Flint Vineyard is one of the country’s most consistent still winemakers. Winemaker Ben Witchell produces wines with a distinctive style – textural and vibrant in fruit, often with a well-considered oak influence. They are also known for their playful, summer-friendly Charmat Rosé. This brand new ‘VMV’, a multi-vintage blend, is only the vineyard’s second Traditional Method sparkling release – so it was with great anticipation that I tasted it.
‘VMV’, or Venn Multi Vintage, has been in planning since the year of first production at Flint in 2016. It’s a blend of the best juice across three vintages, with 2016 and 2017 being aged in neutral Burgundian oak and 2018 staying in tank. All wines went through Malolactic Fermentation, and the final blend was bottled in 2019 before being disgorged this year. Interestingly, Ben is holding back half of the wine on the lees for a further two years so that customers can taste side by side in the future and see the development of the wine both on the lees and under cork.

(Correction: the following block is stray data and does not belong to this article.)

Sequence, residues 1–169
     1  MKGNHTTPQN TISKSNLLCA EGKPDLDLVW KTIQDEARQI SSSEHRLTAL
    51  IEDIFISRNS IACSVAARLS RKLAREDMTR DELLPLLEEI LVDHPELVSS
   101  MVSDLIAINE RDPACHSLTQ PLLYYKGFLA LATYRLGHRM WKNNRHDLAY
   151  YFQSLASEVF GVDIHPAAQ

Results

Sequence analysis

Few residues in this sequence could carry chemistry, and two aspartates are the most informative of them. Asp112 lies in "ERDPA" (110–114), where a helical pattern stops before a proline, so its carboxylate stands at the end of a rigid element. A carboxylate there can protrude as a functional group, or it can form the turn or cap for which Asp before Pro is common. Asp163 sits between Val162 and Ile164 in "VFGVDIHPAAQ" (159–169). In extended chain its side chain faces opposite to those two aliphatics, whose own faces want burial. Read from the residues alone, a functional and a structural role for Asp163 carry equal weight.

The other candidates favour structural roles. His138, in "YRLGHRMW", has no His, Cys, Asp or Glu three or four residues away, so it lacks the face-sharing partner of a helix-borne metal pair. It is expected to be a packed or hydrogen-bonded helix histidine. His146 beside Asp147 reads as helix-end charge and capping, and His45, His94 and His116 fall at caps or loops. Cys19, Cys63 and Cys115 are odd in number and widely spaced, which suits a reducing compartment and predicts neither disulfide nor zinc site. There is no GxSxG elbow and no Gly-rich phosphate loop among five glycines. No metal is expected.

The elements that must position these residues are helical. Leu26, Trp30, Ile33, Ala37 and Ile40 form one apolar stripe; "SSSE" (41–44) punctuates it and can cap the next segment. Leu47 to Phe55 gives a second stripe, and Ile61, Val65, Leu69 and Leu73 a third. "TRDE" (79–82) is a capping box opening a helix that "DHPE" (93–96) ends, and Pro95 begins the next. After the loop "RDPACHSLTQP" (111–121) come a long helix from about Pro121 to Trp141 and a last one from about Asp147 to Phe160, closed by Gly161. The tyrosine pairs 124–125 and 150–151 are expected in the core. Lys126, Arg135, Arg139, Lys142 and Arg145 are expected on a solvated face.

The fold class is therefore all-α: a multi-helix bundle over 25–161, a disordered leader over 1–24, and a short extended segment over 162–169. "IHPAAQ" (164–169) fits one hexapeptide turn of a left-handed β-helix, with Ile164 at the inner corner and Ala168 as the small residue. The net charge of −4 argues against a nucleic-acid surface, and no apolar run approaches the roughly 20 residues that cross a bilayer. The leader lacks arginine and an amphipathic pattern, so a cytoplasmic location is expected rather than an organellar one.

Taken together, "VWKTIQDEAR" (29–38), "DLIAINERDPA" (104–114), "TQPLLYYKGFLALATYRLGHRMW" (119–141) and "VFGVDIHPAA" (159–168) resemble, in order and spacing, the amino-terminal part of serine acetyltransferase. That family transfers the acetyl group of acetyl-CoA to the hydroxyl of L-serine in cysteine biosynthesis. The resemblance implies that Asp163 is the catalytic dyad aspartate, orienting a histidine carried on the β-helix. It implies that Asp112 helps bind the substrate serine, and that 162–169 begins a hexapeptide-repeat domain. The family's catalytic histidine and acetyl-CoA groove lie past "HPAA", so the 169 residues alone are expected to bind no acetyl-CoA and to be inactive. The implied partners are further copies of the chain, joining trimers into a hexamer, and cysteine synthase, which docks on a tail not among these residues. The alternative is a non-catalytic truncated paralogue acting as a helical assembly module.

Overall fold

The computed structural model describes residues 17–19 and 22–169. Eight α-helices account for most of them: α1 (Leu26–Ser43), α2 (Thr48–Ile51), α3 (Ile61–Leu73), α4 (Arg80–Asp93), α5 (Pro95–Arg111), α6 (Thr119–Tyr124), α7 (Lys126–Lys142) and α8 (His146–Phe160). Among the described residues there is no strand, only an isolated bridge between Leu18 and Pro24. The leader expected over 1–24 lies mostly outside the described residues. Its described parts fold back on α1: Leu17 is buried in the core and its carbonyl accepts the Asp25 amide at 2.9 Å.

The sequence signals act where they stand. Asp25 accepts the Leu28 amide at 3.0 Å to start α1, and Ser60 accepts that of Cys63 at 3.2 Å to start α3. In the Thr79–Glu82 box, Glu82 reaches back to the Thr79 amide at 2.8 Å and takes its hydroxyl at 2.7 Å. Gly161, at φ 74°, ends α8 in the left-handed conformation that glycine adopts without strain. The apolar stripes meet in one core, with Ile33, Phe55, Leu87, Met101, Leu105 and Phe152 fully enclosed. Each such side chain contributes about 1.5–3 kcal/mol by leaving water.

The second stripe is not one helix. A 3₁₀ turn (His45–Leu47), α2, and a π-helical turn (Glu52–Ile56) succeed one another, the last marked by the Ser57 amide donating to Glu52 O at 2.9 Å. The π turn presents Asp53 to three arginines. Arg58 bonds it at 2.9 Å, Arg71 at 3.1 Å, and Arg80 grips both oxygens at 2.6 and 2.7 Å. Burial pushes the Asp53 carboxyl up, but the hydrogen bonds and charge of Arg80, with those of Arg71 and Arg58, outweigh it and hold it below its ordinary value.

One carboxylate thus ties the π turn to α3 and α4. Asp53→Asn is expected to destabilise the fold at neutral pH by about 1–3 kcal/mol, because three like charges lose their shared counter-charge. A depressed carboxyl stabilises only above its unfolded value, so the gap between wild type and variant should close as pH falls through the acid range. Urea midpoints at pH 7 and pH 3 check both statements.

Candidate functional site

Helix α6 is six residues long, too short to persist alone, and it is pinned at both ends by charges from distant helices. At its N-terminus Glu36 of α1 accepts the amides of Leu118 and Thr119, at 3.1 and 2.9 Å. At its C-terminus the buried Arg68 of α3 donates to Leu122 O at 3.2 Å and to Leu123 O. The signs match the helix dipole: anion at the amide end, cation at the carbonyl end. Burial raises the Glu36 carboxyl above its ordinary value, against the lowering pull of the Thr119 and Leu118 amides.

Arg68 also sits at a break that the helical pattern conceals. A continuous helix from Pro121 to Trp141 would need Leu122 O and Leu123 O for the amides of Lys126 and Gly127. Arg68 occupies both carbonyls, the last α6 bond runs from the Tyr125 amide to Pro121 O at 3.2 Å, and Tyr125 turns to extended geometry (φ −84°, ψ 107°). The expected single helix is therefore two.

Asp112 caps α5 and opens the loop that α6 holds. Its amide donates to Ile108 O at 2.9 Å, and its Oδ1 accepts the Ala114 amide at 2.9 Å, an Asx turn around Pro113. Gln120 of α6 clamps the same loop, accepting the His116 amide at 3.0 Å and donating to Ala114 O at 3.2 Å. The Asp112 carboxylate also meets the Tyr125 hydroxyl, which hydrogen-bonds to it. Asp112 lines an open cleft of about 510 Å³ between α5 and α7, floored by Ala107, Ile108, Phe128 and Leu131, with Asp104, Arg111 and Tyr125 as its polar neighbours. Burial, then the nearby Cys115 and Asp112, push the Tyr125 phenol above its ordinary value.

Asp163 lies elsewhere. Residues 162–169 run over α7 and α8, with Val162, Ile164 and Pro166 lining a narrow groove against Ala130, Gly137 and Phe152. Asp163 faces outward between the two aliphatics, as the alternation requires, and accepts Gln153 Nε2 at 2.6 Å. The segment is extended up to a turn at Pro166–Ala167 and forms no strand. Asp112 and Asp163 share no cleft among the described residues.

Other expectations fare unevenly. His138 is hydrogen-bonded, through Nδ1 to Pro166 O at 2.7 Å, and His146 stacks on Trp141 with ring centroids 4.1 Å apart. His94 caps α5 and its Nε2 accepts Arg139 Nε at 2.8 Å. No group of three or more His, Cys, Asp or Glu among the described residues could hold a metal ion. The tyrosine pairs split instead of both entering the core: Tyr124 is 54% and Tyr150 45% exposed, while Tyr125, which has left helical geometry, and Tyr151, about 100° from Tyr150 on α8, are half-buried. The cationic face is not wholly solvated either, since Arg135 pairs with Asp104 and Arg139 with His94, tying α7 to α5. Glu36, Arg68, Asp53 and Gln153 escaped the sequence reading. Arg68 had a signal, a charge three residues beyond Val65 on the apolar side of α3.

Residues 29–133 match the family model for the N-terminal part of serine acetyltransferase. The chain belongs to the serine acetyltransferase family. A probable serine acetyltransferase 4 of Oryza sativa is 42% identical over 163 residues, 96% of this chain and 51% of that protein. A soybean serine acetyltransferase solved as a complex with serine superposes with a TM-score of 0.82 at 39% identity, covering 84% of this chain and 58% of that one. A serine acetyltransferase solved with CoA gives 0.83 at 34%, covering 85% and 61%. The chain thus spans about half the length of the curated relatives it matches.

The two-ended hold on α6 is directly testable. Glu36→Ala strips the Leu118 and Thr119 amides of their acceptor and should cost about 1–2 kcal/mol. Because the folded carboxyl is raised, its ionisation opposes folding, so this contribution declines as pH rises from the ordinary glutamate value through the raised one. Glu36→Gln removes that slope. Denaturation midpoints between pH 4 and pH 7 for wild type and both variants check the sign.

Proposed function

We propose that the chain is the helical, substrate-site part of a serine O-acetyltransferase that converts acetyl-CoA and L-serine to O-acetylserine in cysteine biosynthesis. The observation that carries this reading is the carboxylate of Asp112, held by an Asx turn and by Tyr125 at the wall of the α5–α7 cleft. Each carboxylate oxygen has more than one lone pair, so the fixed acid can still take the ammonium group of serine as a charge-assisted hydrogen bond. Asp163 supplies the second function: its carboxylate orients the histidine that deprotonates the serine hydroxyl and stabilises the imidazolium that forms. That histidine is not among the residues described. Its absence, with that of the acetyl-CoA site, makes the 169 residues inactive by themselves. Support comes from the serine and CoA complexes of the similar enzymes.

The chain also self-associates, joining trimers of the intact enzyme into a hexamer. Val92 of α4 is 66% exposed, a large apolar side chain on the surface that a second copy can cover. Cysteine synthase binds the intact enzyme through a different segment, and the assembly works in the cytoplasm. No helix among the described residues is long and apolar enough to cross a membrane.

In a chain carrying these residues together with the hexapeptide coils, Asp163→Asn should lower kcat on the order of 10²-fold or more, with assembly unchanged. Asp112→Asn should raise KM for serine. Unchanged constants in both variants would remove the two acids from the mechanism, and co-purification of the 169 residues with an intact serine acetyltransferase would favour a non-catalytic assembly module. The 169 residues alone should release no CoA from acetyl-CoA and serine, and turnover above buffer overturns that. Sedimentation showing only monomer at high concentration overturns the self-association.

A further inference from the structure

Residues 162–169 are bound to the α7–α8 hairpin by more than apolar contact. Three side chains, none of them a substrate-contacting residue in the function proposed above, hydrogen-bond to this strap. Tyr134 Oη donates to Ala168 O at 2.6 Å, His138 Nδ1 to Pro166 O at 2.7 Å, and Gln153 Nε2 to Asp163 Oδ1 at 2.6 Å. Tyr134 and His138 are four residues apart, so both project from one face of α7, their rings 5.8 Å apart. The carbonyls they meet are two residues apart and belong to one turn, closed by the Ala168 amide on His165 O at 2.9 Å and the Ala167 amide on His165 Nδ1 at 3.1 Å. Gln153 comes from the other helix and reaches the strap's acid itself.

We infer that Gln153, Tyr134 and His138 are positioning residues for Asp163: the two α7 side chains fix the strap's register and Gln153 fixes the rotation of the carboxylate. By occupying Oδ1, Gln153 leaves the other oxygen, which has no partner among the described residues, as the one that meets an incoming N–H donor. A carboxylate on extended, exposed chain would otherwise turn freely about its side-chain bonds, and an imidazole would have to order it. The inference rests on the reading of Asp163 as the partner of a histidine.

The nose on the VNV is really quite distinctive, with aromas of red apples, golden plums and lemon zest, as well as a pronounced floral note of jasmine or orange blossom. I also picked up the influence of oak – a lightly spiced oak and almost herbaceous that I often pick up on Ben’s wines – particularly his Silex Blanc.
To taste, this wine has a real sense of purity and freshness. There’s quite a racy burst of citrus and almost tropical fruit up front. It’s more yuzu than lemon, with a hint of something slightly exotic that I couldn’t quite place. It’s a brisk, lean expression thanks to the low dosage of 5g/l, but that’s countered nicely by the concentration of the fruit and the slight warmth of oak running in the background.
Although it’s spent three years on the lees, I did not pick up on too much autolytic influence. There’s perhaps a slight hint of baked bread in there, but this wine is really all about that fruit purity.
Overall, the VMV is really quite unlike anything else I’ve tasted for quite some time and it will be fascinating to see how it evolves.